Dr. Suzan Dr. Sujay) Johnson Cook. (Courtesy photo)

By Dr. Suzan Johnson Cook

“This is the Lord’s doing…It’s marvelous in God’s eyes”

Thursday, April 13th, the date of my late father’s birthday, has become a major day in my life story and history.

On Thursday, April 13th, 2011, I was confirmed by the U.S. Senate to become our country’s Ambassador at Large for International Religious Freedom.

And it was Thursday, April 13th that my portrait was hung in the Morehouse International Hall of Fame, for Lifetime Achievement, beside Dr. Jeremiah Wright, my D. Min. Samuel Proctor Fellows classmate; and whose daughter, Rev. Jeri Wright now works beside me as business minister.

How awesome it was in so many ways! The day was shared with my cohort of 30 Black women pastors in the REAL Black women THRIVE initiative that I lead; a $1.5 million funded ministry by the Lilly Endowment, to empower, engage and expand opportunities and horizons for Black women in ministries. 

It was also the day we all were inducted into the 37th College of Ministers and Laity at the Morehouse Chapel, a masterful genius of a vision of Dean Edward Carter Sr., dean of the Morehouse Chapel.

We shared the stage with 100 ministers from throughout the nation, and the auditorium was filled with more than 1,000 members of Latter Day Saints, many of whom I met during my tenure as Ambassador. It was awesome to see peers, colleagues, spiritual sons and daughters, who throughout the years, have served together. Dean Carter also orchestrated this to be the largest induction class of women in ministry—ever. More than half the inductees were women, 30 of whom were my cohort.  

As people celebrated and congratulated me on social media and in phone messages and letters, they said continuously, “well deserved for lifetime achievement.” 

I brought the luncheon message, “You’d better bring it,” based on the Mark 16 passage about women who brought their spices to Jesus for his burial; to help with the decomposing body, yet he was alive, and the stones had been rolled away. It reminds us of how we must “bring” our gifts, our spices, to God in a world that’s decomposing, and recognize that Jesus is very much alive for us too.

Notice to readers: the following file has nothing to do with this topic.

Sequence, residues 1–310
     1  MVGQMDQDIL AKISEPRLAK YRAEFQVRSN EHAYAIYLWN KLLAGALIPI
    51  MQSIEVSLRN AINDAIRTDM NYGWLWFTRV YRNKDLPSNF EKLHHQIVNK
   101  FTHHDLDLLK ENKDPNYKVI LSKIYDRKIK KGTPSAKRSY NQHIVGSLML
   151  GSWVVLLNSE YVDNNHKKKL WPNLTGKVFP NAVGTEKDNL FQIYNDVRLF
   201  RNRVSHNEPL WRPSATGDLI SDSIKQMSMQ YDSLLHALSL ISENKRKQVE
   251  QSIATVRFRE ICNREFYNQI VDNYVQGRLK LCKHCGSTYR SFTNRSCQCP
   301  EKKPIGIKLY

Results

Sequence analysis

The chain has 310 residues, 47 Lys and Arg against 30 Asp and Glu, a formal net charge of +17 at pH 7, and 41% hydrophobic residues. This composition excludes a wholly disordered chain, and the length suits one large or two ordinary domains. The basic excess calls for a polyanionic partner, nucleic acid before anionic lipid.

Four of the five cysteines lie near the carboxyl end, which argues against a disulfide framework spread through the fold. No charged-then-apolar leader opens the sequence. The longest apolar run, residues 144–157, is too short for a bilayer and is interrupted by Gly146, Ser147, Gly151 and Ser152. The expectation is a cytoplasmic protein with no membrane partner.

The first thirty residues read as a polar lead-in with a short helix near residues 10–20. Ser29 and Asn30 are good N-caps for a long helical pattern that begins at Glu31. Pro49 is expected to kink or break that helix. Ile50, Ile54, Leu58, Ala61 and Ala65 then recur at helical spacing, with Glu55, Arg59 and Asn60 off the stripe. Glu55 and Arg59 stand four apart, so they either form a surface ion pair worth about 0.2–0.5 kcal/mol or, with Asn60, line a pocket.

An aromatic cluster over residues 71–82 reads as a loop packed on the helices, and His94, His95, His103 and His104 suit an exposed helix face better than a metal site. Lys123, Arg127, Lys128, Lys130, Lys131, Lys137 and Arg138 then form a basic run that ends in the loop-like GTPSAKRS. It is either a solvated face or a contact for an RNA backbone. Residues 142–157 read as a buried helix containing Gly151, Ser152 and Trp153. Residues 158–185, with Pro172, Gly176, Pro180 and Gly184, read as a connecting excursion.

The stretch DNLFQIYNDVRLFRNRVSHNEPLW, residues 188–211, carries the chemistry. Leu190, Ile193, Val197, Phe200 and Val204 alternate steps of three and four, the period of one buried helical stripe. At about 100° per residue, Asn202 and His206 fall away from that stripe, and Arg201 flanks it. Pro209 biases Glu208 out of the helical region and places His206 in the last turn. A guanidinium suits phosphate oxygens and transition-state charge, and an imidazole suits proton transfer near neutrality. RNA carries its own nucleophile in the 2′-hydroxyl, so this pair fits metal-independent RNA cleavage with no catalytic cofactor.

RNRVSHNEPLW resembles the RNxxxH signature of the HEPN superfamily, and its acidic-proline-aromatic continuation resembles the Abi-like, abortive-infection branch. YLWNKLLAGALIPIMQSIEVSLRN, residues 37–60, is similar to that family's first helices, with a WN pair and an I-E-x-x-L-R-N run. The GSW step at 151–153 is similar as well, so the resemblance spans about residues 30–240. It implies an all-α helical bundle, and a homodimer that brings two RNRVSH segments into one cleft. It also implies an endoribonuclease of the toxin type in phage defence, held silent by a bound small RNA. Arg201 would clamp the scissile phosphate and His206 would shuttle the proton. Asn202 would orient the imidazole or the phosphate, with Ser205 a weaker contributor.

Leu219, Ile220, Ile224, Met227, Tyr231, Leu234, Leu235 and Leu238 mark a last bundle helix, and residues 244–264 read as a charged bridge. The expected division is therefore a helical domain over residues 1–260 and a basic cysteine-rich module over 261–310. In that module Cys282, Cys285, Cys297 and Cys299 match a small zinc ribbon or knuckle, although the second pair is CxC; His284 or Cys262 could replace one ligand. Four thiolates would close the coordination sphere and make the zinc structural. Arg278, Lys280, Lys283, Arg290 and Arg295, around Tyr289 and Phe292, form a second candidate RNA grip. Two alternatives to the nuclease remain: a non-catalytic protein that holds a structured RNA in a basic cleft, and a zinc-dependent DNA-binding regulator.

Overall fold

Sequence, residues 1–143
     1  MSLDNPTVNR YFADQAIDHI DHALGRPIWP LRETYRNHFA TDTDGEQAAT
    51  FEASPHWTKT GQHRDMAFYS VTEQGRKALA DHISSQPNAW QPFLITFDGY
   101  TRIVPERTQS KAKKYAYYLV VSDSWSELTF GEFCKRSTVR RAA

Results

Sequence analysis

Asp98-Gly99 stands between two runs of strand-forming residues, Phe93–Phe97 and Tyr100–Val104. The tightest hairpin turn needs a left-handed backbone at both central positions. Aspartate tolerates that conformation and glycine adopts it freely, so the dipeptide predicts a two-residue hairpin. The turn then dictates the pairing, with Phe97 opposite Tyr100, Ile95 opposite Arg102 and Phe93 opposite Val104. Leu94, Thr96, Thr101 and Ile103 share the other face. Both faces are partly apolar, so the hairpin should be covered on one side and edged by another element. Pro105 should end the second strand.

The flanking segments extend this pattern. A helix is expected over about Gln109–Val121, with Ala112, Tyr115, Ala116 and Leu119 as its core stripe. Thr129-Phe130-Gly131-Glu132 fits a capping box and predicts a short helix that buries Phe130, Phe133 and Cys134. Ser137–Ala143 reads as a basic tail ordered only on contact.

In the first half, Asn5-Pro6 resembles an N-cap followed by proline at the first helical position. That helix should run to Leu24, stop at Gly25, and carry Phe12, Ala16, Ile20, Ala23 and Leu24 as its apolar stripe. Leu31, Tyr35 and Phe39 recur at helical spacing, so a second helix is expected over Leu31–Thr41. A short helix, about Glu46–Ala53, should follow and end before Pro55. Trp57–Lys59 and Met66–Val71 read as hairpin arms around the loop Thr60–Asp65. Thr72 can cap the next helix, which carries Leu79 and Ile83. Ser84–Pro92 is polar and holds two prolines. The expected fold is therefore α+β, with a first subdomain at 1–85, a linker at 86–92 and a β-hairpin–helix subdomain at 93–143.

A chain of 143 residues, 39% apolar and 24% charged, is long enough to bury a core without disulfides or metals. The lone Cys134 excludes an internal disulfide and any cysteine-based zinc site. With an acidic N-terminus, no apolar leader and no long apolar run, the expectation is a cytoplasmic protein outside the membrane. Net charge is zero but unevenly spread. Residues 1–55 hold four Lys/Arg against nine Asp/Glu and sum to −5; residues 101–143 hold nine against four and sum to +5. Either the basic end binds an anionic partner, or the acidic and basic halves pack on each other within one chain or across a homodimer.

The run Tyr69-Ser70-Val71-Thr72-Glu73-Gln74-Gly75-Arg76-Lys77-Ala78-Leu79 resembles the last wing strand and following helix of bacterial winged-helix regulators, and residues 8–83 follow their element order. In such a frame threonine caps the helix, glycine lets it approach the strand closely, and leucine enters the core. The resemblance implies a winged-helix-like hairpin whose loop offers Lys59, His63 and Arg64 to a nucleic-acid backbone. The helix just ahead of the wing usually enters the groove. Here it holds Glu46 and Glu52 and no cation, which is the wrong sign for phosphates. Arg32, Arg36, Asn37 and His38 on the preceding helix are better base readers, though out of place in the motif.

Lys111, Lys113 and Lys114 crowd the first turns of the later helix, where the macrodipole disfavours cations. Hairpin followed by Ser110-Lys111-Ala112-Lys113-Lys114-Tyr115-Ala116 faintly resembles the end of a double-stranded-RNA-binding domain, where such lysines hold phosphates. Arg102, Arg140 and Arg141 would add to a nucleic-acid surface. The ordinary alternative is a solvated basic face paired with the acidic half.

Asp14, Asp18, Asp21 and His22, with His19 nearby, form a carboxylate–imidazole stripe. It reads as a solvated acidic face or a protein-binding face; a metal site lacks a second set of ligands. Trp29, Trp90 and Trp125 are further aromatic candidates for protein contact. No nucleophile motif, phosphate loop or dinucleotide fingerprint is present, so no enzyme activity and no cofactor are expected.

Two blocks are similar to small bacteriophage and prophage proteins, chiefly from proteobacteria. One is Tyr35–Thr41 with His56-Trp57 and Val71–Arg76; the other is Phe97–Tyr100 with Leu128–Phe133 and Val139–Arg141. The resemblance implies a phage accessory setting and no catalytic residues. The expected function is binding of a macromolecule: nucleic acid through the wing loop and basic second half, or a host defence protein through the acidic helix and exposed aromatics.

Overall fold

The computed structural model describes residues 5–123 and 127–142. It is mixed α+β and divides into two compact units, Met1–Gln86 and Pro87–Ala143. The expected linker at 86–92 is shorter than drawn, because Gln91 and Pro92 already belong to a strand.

These past years have been about legacy for me..helping a generation of leaders, especially Black women, and those who will follow, with being clear on how we must go forward. My legacies are: raising two Black powerful men, leading The REAL Black women in ministry, and building the first chamber of commerce focused solely on Black women business owners worldwide, the Global Black Womens’ Chamber of Commerce (www.GlobalBlackWomen.org).

I reflected on my parents who had begun their journeys in the fields and had to use an outhouse, and here their daughter was at MoreHouse. Amazing journey. It still continues. I heard Dr. Cornel West, who had been my professor at Union Theological Seminary, and who was today’s Howard University Chapel speaker. Among the many nuggets that stood out, he said, “When we are all in the room, people should feel the spirit of our ancestors in us. On Thursday, April 13, 2023, with my son, a doctor at Morehouse Hospital, on my late father’s birthday, I felt the spirit of my ancestors, speaking to me, and preaching through me, and now we all hang together in the International Hall of Fame at Morehouse College Chapel, and I thank God for all that God is doing and has done. 

At Gov. Wes Moore’s inauguration, a few months ago, I stood there and marveled at this man, whose journey I had followed and had a little to do with. I see him “crushing” his role as the first African-American Governor of Maryland. And for all of us who are first in our arenas, we must “crush it,” serving to the best and highest standards, to the glory of God.